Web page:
With the sporting world brought to a standstill by a global pandemic, the definitive Michael Jordan documentary The Last Dance has became must watch television for sports fans, myself included. It kept us glued to our screens and invoked nostalgic memories of a simpler time, when we could marvel at the athletic accomplishments of our favorite players, and get into prolonged arguments about who is the GOAT.
Player comparisons within a sport like basketball are difficult given the variety of different roles, schemes, and contexts that affect a player’s output. That said, such comparisons are an integral part of the fan experience and the renewed spotlight on MJ brought on by the documentary serves as good a reason as any to have the discussion. So before we start, let me get this one of the way….the last dance showed why MJ was amazing and maybe even the GOAT, but he isn’t a better basketball player than Lebron James.
The argument for why Lebron James is a better (though not necessarily greater) player than Michael Jordan is at its core quite simple. He has dominated a more skilled and talented era of basketball. Jordan has Lebron beaten in overall influence and cultural impact, but as far as simple basketball? It’s Lebron.
Lebron is playing in a more skilled and sophisticated era
Comparisons across eras are often tricky given the drastic changes in rules and styles of play. However, in sports like most human endeavors, the arc of history bends towards progress. The NBA today and that Lebron has played in for most of his career is the most talented and skilled its ever been. Just look at the talent pool. During a seven year period in the heart of Michael Jordan’s prime (between 1988-1995) the NBA added six new teams thereby diluting its talent pool for the sake of expansion. Coaches and players alike from former Jazz Coach Jerry Sloan, to stars like Larry Bird and Charles Barkley echoed these sentiments during this period. The NBA was also a primarily American phenomenon. The 95/96 NBA season had just 24 non-American players on opening night rosters across all league teams. The 2019/2020 season had more than four times as many with 108. This surge in international players has been driven by a surge in basketball development and participation in places like Europe, Australia, and Canada. Hence, far from a dilution, the league now has the largest talent pool it has ever had, spanning the entire globe.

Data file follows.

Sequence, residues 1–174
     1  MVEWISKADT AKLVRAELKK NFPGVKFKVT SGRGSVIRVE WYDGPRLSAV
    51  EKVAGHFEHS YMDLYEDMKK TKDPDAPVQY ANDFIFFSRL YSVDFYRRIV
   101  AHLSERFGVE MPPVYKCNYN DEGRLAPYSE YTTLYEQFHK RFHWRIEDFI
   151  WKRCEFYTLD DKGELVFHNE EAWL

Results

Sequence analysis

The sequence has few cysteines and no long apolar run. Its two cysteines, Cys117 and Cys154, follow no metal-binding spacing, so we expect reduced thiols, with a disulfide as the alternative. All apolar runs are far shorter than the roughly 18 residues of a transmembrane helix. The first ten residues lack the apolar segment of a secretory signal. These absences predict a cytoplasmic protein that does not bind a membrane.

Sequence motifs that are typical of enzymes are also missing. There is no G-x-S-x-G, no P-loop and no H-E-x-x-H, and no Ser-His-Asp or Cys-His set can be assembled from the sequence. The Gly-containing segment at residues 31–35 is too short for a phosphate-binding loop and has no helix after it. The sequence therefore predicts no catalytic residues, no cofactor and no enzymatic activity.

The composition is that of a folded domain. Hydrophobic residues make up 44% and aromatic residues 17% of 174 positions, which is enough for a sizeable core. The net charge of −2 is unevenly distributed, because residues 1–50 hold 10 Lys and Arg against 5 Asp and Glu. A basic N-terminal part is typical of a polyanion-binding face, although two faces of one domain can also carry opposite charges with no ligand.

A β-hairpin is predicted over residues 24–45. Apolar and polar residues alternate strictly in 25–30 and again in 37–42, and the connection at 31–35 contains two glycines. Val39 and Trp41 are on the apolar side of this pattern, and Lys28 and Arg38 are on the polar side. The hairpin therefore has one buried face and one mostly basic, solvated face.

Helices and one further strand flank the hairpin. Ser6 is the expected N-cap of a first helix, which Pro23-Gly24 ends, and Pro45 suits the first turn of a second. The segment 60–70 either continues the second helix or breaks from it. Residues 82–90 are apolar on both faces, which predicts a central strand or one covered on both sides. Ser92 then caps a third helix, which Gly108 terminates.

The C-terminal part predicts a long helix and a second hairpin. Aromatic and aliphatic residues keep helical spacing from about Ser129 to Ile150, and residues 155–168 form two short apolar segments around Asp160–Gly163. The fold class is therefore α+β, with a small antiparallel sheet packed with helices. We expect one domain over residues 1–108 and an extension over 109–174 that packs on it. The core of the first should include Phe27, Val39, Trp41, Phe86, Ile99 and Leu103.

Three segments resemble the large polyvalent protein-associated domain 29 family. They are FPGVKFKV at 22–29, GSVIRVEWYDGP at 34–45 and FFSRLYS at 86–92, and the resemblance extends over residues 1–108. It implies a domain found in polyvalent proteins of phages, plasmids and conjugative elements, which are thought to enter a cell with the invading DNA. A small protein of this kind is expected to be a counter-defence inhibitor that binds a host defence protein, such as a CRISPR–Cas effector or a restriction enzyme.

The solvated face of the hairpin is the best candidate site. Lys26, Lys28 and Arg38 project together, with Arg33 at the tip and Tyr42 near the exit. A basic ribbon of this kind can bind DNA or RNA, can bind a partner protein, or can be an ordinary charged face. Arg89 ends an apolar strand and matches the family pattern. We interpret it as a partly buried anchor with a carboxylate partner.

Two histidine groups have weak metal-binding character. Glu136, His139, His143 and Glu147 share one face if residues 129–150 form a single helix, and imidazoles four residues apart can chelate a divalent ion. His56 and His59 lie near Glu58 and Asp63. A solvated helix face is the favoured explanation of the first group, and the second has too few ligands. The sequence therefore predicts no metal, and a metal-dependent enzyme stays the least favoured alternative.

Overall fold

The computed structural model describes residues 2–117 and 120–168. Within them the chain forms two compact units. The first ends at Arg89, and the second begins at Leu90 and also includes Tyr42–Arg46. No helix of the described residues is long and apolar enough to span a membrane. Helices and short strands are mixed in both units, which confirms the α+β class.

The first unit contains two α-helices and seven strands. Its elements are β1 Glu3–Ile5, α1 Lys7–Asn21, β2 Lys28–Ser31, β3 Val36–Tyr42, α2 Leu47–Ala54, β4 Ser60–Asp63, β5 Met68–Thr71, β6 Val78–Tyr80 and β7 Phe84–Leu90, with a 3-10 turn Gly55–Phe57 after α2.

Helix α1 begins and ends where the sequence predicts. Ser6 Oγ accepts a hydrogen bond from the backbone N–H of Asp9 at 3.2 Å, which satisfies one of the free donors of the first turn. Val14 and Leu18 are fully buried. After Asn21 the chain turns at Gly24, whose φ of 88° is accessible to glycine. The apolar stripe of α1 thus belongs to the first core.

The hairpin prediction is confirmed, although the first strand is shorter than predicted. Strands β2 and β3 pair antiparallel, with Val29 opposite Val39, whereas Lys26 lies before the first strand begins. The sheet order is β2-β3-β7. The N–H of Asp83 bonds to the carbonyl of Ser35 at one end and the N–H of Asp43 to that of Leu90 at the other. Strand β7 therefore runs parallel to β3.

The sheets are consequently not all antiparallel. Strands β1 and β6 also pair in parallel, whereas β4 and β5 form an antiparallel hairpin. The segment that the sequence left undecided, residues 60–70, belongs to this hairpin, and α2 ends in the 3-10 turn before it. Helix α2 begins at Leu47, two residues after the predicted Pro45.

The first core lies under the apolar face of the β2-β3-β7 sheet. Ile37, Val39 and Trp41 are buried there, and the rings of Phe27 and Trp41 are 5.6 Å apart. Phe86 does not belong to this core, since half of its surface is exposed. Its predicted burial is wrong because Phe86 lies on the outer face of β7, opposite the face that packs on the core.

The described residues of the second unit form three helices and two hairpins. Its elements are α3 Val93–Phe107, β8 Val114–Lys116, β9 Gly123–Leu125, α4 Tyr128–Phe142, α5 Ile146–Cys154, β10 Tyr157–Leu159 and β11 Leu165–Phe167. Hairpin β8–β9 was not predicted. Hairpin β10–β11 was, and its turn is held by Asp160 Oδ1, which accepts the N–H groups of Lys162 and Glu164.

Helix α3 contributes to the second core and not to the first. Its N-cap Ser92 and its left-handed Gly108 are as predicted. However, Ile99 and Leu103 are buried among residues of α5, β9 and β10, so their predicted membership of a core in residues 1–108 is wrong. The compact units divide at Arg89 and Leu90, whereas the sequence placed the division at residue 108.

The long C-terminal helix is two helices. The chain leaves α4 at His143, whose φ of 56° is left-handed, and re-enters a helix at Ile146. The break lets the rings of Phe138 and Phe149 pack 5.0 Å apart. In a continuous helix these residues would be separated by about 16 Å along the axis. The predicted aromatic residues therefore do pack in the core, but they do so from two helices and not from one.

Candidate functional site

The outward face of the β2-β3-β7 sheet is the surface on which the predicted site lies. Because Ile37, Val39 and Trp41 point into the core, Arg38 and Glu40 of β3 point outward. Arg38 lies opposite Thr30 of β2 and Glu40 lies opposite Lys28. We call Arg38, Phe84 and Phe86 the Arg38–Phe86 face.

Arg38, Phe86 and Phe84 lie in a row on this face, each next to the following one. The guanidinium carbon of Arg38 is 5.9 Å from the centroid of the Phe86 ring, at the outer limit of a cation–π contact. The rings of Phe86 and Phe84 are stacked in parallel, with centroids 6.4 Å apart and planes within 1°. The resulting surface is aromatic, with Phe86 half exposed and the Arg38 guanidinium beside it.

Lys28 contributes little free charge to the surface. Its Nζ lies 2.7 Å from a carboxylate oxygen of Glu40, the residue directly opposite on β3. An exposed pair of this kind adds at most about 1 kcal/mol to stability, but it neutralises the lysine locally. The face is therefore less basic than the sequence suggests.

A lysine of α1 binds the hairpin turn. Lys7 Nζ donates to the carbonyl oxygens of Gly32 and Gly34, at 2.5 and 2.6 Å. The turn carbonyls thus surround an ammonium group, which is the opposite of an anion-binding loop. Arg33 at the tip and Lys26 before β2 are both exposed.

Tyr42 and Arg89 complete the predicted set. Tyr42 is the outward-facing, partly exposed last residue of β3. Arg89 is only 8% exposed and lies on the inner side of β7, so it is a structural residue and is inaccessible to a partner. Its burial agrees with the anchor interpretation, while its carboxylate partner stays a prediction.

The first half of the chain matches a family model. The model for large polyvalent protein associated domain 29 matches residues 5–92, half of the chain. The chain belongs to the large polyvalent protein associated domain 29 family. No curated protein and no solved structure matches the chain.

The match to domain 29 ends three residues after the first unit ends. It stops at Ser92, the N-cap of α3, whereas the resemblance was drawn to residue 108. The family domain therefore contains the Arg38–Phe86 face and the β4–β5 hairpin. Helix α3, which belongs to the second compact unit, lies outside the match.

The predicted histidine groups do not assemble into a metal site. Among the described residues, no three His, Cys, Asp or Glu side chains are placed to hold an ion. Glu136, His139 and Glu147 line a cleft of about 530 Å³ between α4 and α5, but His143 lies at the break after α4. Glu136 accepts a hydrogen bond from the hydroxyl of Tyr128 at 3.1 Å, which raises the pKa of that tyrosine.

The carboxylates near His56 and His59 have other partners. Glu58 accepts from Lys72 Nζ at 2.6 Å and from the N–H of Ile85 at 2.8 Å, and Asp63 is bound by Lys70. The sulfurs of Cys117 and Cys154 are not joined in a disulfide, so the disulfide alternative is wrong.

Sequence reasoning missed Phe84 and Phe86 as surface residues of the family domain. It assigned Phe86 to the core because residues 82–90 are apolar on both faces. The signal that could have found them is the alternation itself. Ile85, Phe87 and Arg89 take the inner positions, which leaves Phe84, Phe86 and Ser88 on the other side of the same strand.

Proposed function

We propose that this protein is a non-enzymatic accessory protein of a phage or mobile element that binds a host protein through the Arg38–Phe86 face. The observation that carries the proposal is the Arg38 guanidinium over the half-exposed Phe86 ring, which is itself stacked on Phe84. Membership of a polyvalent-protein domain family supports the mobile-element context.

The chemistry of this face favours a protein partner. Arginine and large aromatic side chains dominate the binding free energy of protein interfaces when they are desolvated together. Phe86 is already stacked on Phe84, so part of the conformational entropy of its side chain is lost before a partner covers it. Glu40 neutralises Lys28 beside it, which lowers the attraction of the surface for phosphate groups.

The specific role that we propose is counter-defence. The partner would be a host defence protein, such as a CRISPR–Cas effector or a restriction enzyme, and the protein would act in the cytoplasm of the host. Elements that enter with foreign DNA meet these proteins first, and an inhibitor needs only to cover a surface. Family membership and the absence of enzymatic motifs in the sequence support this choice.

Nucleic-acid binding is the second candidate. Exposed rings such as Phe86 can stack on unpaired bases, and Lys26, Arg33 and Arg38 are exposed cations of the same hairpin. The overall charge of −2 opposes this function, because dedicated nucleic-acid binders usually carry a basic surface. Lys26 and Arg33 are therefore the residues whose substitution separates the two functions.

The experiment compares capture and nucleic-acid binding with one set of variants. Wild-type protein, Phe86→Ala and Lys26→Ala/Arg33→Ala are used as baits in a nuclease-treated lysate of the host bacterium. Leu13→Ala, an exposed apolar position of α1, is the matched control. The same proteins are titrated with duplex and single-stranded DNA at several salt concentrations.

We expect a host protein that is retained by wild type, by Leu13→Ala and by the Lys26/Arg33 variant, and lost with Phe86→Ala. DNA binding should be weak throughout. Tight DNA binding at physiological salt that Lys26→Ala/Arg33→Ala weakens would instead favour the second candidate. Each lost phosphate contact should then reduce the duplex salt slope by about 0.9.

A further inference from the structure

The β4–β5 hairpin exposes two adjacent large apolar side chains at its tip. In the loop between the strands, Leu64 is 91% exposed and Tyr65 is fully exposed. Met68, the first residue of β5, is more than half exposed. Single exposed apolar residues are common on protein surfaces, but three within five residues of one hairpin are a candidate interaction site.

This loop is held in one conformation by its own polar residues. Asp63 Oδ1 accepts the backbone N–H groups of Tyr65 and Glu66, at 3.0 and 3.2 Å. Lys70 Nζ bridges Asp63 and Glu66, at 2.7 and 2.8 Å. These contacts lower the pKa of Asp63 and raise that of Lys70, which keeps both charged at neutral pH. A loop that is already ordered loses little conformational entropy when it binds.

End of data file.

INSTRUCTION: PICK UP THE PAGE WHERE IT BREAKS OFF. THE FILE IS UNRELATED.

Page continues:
Added to the greater talent pool are massive improvements in technology, nutrition, sports science, and athletic training methods. Today’s NBA teams have wearable technology that allows them to track everything from heart rates, to joint movements and even speed of acceleration. Such data enables training staff to come up with more sophisticated and specialized training regimens to facilitate peak performance. There have also been major improvements in injury treatment with the level of recovery from injuries like ACL tears having increased ten fold. Notably, the benefits of technology go beyond mere physicality. Teams now have shooting technology to help optimize the arc on players shots as well as player tracking technology that helps coaches optimize offensive and defensive strategies against specific opponents. Teams are even using sophisticated data science techniques like Bayesian Networks to help pick their best lineups.